Just call me a softie
There’s something mythic about Christmas that appeals to all of us. What is it about this holiday that causes us to remember the good stuff and sublimate the horrible stuff?
I think it’s all about building a legacy of memories. I don’t come from a wealthy family– we’re rather solidly middle-classed, a military family, so I experienced no hardships growing up, but I didn’t put Gucci shoes on my feet, either. If you were to ask me my favorite Christmas memory, it would sound almost perverse– waiting in line at “men’s night” at the post exchange on Adak, Alaska, back in the 70s. I had 4 dollars in my pocket, and I was there with my father and older brother. I had enough money to get my mom something. This was the only store of any kind on the island, so every boy I knew in my age group was there with their fathers and brothers. The exchange put out eggnog and cookies and the line while they kept us behind the gate (they were frantically restocking). We laughed and talked and the guys ran around “joking and smoking” while the men had their own conversations. It’s inexplicable, associating happiness with that dumpy, run-down hangar-like building, but there it is, it’s my favorite Christmas memory from childhood. I got my mom an ashtray shaped like the United States. Santa brought me a G.I. Joe Space Capsule set (I was a big fan of the early vintage Joes and collected sets, so this was a great present).
Personally, I think my memory fixates on this time because of the changes I was going through. A year later I heaved my G.I. Joes into a pond filled with industrial waste and it was no longer cool to play with dolls. I was on the brink of being the sneering teenaged lout I became at that moment in time, and I think I knew it, subconciously, and was enjoying my last Christmas of innocence.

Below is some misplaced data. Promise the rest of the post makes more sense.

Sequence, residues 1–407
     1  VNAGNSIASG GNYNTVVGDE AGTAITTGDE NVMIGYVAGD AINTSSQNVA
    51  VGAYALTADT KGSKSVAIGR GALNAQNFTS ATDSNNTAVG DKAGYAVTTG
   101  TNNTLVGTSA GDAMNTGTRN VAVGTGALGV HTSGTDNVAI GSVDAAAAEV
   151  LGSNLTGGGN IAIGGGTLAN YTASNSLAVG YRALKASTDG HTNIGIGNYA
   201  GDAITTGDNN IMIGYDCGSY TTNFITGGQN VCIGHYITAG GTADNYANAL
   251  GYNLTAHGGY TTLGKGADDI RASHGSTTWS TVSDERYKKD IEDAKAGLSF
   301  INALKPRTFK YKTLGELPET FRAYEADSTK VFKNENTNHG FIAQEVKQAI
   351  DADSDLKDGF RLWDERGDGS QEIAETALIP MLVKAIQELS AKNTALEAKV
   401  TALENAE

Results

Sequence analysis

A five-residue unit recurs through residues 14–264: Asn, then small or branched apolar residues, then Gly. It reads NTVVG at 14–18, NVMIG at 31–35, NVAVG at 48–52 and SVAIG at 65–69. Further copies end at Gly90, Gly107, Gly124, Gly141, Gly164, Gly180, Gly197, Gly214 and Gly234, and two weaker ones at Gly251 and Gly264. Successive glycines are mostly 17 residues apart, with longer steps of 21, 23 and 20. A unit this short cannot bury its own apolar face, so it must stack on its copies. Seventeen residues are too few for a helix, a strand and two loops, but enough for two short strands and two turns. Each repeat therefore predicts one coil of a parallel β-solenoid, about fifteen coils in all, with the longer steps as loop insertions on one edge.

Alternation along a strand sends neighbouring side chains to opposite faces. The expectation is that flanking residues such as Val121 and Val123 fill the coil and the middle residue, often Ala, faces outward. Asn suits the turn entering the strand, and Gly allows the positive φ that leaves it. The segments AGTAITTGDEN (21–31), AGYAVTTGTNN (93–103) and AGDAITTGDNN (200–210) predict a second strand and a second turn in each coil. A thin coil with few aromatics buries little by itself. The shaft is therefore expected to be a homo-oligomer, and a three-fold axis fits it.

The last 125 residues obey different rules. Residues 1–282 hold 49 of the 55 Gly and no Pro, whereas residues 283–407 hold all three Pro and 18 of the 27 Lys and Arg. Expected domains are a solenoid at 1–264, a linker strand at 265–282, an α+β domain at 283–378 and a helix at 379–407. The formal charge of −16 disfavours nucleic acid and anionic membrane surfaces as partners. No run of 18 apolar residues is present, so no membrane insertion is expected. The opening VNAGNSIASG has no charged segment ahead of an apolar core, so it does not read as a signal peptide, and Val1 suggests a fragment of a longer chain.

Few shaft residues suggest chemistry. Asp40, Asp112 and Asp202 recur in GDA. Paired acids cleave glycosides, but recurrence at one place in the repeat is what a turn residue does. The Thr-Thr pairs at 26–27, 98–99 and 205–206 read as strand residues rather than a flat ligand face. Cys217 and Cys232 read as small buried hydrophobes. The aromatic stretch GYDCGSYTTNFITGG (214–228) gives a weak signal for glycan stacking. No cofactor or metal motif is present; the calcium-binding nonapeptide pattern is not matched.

I’m working hard at making my children’s legacy of memory a happy one, and indications are that I’m winning.
If you’ll indulge me for few moments, here’s the recent:
Pageant of Peace on the Mall in Washington, DC
Annie’s Girl Scout troop was invited to perform Christmas carols on the mall for the week long festivities, so we all went downtown to attend to her big performance. It was a mob scene, with all the troops from the Fairfax area contributing performers, so you can imagine the numbers of proud parents. I sat next to a guy who I commute in with every day on the VRE, and he treated Gar and I to a hot chocolate. We were cold, but we had a great time.
That’s the NATIONAL CHRISTMAS TREE, thank you very much! It had been lit by Bush the night previous.
You can tell that I’m the guy that likes to play with little miniature tin soldiers, can’t you? I was impressed with the giant railroad layout that the National Capital Railroaders put on every year. G Scale (is it G Scale?) definitely isn’t for me, but it sure looks good under the National Christmas Tree.
Anne’s girl scout choir was a hoot.. it was hard to mic that many voices evenly so we heard the front row of juniors shouting there way through the high notes as a nice counterbalance to the professional, magnificent back row…
One Christmas tradition, this butt-frozen correspondent was happy to see revived was the annual gigantic Yule Log, which warmed us up considerable. Not as much as a nice bottle of schnapps, perhaps, but then again, I could drive home without being blotto, so there’s always that.
The National CHRISTMAS tree (thankyouverymuch) looks pretty spectacular all lit up at night, as it should!
I was trying for a long shot with the White House glowing in the background (that’s the building lights just to the left of the tree). Alas, the W.H. was not very brightly lit that night, so the effect was lost. Thanks for dimming the lights, George! You iced me, man!
I always look for my state’s tree (Virginia), in the ring of 50 “state” trees and all the other commonwealths, protectorates, and whatnot that participate:
Virginia’s tree decorations were made by the kids at a nearby elementary school in Springfield, Virginia, this year! What an honor!
We had a great time, and more importantly, the kids built another Christmas memory.